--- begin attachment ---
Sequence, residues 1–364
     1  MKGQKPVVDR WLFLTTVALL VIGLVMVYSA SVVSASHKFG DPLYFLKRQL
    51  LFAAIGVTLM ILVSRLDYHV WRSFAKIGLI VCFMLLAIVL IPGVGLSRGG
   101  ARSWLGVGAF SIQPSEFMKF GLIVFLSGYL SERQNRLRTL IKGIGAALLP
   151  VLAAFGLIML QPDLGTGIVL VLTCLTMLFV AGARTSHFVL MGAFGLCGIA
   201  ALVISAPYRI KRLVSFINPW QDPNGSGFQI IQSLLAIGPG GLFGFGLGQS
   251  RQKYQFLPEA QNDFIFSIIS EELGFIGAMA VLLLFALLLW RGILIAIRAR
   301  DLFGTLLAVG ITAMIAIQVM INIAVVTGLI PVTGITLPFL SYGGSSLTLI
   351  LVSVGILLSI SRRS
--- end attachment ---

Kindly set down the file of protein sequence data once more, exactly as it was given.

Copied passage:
Sequence, residues 1–364
     1  MKGQKPVVDR WLFLTTVALL VIGLVMVYSA SVVSASHKFG DPLYFLKRQL
    51  LFAAIGVTLM ILVSRLDYHV WRSFAKIGLI VCFMLLAIVL IPGVGLSRGG
   101  ARSWLGVGAF SIQPSEFMKF GLIVFLSGYL SERQNRLRTL IKGIGAALLP
   151  VLAAFGLIML QPDLGTGIVL VLTCLTMLFV AGARTSHFVL MGAFGLCGIA
   201  ALVISAPYRI KRLVSFINPW QDPNGSGFQI IQSLLAIGPG GLFGFGLGQS
   251  RQKYQFLPEA QNDFIFSIIS EELGFIGAMA VLLLFALLLW RGILIAIRAR
   301  DLFGTLLAVG ITAMIAIQVM INIAVVTGLI PVTGITLPFL SYGGSSLTLI
   351  LVSVGILLSI SRRS